In A History of Public Sector Pensions in the United States, Clark, Craig, and Wilson write:
Decades before the states or the federal government provided civilian workers with a pension plan, several large American cities established plans for at least some of their employees. Until the first decades of the twentieth century, however, these plans were generally limited to three groups of employees: police officers, firefighters, and teachers.
In 1911, Massachusetts became the first state to offer a pension plan to general state employees. It took some time, however, for pensions to become available in most states, with just six offering any form of a civil service pension plan as of 1929.
Today, according to the U.S. Census Bureau, there are more than 6,000 public retirement systems in the U.S. that administer defined benefit pension benefits to employees of state and local government.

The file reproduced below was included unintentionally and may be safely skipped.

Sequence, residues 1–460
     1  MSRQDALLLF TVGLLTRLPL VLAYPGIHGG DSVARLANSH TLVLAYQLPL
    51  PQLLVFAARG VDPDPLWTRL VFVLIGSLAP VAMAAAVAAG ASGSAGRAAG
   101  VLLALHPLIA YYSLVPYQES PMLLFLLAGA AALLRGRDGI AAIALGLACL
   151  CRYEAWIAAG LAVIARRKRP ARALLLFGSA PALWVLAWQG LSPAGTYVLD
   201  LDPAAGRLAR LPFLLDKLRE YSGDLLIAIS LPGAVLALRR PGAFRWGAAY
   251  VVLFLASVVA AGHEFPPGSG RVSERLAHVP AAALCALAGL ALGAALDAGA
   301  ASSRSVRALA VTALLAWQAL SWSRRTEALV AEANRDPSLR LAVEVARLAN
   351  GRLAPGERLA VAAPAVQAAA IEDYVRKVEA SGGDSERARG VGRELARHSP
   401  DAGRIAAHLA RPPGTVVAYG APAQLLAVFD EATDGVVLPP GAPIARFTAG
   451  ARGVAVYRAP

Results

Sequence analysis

The largest 75 systems account for more than 80 percent of all participants and assets. The largest public retirement system has assets of more than $300 billion, and more than one million active and retired members; the smallest systems have assets of less than $1 million.
While it is not feasible to make generalizations from one plan to another, or from one time period to another, and it is a misconception to hold that there is a one-size-fits-all solution to plan design and financing, there are core principles that are pervasive among public retirement plans: mandatory participation, shared financing, benefit adequacy, pooled investment and longevity risks, and lifetime benefit payouts.
To find information on public retirement systems by state, click on a state, or territory, listed at the left.